I equate cabs with defeat. After a long day in New York, cab fares seem like punishment for taking the wrong subway, or for ending up on East 59th Street instead of West. The way I see it, hailing a cab is like waving a white flag and admitting I have made a mistake.
However, at 11:30 p.m. on a 96-degree day in July, when the uptown F train reeks of sweat and Chinese food, and the next outbound train from Penn Station to Red Bank, N.J. departs in seven minutes, defeat in the form of an air-conditioned cab sounds pretty desirable.
It was a Friday night in the middle of the heat wave, and my friends and I had met for dinner at a little Mexican restaurant on the Lower East Side. After three rounds of virgin margaritas and six refills of the guacamole bowl, we decided we had over-stayed our welcome and headed to the corner of Stanton and Ludlow to hail a taxi back to the train station.
I flagged the first cab I saw, and slid into the front while four of my friends shimmied into the back seat.
On the floor, I noticed piles of post cards with images of landscapes and city skylines. Thick, black cursive in a language I could not decipher was scrawled on the back.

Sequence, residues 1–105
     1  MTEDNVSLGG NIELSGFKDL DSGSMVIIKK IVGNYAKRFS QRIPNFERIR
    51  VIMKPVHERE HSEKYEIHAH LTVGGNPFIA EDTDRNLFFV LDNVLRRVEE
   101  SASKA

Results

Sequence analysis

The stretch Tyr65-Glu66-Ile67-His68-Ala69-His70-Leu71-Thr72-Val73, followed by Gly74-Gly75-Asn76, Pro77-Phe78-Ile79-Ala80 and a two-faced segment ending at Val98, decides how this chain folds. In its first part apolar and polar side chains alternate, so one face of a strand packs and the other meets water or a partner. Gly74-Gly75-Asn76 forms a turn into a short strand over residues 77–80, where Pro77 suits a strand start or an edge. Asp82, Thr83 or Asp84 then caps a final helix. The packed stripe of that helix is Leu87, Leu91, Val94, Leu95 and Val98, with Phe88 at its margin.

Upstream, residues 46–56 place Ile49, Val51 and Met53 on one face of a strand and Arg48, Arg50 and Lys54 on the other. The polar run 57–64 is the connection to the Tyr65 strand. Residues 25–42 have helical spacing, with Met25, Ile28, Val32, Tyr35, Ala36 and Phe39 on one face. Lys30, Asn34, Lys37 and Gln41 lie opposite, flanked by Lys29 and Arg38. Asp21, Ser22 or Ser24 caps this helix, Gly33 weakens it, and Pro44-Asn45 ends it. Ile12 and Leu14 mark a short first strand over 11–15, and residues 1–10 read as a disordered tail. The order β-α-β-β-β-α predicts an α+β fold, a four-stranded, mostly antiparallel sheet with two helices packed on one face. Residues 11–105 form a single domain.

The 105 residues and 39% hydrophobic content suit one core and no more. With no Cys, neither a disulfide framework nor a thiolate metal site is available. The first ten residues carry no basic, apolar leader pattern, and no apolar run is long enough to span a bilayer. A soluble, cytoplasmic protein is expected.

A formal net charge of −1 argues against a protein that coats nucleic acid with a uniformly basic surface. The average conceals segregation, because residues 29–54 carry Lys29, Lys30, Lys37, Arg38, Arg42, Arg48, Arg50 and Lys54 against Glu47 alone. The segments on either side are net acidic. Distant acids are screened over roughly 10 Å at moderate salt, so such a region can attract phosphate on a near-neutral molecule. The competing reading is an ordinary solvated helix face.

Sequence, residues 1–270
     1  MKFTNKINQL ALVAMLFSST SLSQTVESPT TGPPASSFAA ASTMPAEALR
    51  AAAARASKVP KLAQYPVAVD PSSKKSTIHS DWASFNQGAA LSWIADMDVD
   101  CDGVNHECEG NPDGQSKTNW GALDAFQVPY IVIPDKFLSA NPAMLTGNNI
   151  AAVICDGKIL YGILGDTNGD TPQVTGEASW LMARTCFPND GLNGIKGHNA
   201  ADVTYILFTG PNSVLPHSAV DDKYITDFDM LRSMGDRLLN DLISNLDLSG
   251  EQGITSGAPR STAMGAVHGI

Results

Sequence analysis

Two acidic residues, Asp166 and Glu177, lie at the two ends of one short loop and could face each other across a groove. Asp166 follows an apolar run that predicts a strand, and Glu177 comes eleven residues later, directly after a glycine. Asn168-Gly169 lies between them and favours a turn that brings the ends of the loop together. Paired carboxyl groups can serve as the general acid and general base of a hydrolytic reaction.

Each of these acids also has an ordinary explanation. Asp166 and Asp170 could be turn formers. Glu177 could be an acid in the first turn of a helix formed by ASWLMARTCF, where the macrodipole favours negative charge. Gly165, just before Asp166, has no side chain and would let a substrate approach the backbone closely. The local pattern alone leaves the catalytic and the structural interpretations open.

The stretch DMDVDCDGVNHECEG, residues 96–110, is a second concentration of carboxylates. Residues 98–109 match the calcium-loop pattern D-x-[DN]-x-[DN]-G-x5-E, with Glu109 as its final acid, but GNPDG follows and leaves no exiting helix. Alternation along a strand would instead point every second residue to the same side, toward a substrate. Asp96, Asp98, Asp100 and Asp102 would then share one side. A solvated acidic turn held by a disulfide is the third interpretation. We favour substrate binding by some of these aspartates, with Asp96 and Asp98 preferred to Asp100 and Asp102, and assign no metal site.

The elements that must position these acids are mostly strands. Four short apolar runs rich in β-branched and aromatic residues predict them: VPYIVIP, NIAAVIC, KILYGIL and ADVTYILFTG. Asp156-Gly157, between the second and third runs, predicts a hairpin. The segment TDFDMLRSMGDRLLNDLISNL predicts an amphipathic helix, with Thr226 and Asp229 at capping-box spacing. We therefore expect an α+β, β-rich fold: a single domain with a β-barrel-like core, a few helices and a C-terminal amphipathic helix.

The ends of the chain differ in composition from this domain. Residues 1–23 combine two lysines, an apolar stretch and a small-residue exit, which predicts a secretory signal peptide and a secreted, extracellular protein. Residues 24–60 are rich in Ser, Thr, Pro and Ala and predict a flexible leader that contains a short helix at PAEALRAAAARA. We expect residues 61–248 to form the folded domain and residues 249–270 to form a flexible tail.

The driver handed one to me and explained they were from his wife. I looked closely at the letters. The black ink stretched into every corner of the card, as if it were begging for more space.
His wife, the driver told me, was back in Poland. He had left her there more than six years ago and had been waiting for her to join him in New York ever since.
He yawned, and said we were his last ride of the night. After dropping us off, the driver told me he would go home to Queens where he lived with his sister-in-law. She was waiting for someone too. Her husband was also still in Poland.
In the darkness, I could barely make out this manâ€™s features. I did not know his name. Yet, I found myself rapt in his story. While I knew it was invasive, I asked how it would feel when his wife finally arrived.
â€œRight,â€ he answered in a thick accent.Â It would feel â€œrightâ€ when she reached New York.
Eventually, we pulled in front of Penn Station with two minutes to spare before my train departed. I paid our fee and closed the door behind me.
Sitting on the train that night, I could not help but notice the irony of the situation. After the short commute on the train, I would be back with my family. Only one hour and one $15 ticket stood between them and me. There would be no post cards, or waiting, just an easy path home.
The cab felt different to me that night. It did not feel like failure. The cab, much like the conversation felt important. It felt right.